• We did two harvest dates last year too. The year before that we tried to do 150 every month. That didn’t work well for Julie’s summer. She was always pulling chicken tractors around. The year before that we butchered 75 every other weekend! By doing larger batches at the ends of the season both farmers and livestock are happier and we get the middle part of the summer to focus on other projects. Also, we found that customer demand for chicken waned in July and August as it is just too hot to cook. But cookouts between Memorial Day and 4th of July sell a lot of meat as do family get-togethers in the fall and early winter.

  2. He he too hot to cook in July and August…we wait for it to get warm then so we can cook 😉

    Gotta love the bulldozer – heavy equipment is appropriate technology if used timely and you have good operator. Finesse is the name of the game.

    Gullies are odd things, we don’t really have them here, despite decades of continuous grazing, and heavy rainfall. Is it because of summer rains? We get 100 inches per year but none in the summer when crop land is likely to be bare. What’s your take on that?

    • I fell into a snowmelt stream on Mount St. Helens late in June of 97 while observing salamanders with my professor. We start swimming in April here though most pools don’t open until Memorial Day.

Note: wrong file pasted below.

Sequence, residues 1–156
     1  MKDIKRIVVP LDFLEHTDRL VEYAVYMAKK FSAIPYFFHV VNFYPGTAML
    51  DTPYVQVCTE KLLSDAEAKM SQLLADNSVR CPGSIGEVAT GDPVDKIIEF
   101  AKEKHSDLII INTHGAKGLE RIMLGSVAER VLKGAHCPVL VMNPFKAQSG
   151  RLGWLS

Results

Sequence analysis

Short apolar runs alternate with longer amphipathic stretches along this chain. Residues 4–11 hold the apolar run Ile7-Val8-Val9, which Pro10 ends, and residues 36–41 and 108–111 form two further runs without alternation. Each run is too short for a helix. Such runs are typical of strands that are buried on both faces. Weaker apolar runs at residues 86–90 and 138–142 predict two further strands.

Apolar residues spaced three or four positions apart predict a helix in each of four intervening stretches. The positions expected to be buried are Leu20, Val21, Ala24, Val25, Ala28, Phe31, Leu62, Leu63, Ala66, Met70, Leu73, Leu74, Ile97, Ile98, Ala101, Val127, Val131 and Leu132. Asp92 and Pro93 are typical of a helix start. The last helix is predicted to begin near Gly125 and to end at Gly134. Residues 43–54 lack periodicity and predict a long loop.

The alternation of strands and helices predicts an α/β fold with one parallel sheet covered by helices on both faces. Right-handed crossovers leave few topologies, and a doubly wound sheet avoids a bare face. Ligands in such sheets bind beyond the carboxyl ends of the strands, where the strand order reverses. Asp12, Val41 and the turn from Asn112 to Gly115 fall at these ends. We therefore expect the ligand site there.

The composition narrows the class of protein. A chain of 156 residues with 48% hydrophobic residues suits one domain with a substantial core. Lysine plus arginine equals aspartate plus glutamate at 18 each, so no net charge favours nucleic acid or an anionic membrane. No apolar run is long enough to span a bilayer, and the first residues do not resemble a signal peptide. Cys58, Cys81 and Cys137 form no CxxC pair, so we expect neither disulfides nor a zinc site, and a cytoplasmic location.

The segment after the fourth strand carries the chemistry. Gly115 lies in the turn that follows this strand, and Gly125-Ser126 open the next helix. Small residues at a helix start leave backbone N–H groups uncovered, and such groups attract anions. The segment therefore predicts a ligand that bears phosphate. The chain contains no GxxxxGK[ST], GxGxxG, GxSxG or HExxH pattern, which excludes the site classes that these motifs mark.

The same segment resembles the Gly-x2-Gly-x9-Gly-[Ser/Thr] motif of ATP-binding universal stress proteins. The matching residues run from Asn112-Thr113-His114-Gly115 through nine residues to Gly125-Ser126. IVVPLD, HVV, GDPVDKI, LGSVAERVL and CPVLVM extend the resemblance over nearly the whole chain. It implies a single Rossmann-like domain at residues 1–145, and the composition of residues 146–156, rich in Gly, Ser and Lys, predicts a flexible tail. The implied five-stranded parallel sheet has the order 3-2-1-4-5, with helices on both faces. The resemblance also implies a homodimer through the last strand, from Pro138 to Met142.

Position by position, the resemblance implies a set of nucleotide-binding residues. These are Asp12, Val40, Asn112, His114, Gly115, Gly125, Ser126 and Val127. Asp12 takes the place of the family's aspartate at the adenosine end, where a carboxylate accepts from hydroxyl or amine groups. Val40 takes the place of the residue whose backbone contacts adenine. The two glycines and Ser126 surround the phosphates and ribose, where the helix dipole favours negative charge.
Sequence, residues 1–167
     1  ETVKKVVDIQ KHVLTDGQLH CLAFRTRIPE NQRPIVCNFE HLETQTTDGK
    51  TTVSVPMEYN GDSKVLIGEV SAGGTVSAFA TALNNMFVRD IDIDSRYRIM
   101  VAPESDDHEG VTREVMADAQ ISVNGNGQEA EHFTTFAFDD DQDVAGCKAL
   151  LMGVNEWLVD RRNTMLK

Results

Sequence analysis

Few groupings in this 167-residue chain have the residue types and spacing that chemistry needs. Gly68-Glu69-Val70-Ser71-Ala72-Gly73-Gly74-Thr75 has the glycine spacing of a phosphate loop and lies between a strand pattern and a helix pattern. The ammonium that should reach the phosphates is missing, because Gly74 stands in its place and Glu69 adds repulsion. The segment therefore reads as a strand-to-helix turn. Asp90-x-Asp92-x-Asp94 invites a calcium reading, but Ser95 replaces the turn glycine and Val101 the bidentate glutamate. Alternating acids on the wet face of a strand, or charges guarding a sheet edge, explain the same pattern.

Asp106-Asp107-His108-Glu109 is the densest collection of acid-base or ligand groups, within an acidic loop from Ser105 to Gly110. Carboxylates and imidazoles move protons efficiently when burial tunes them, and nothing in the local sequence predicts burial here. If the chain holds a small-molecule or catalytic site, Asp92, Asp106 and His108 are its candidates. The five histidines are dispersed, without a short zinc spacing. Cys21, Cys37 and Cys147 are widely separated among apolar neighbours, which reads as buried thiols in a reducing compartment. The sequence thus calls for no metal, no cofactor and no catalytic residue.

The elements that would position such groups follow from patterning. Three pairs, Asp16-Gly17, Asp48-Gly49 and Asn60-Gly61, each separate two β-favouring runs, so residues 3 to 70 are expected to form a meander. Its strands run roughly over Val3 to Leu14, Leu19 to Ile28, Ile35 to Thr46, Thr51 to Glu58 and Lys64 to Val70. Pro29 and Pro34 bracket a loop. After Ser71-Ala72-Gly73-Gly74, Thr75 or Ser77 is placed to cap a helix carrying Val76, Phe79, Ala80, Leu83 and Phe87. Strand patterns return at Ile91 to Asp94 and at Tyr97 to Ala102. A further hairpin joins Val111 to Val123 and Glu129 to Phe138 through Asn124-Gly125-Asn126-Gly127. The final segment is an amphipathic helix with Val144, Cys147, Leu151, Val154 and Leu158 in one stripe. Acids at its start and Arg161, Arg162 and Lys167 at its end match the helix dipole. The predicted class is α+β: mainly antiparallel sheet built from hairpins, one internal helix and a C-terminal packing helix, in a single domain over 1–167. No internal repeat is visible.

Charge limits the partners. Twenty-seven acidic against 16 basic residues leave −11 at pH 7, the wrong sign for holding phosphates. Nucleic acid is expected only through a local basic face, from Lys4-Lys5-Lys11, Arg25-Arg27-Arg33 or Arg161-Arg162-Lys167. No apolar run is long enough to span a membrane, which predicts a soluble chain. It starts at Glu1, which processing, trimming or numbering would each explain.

I see lots of pictures of PNW erosion on the interweb as well as guides for planting for erosion control. In fact, the pictures I’m seeing make me feel ashamed that I even brought the subject up.

      I would guess the freeze/thaw cycle with spring rains on ground that has been denuded for 6 or 8 months with poor root systems causes most of my problems.

      Our ponds were built to catch the neighbor’s fertility. Water storage was just an extra benefit.

    • You know, I think a big part of our problem is the absolute lack of organic material remaining in our soil. The dirt gets hard as a brick in the summer. There is nothing to soak up the water. Nothing to hold it together. Like sand, much of our dirt is just a loosely-bound aggregate that is easily washed away. It’s not the hooves I need, it’s the organic material. The hooves are the delivery mechanism.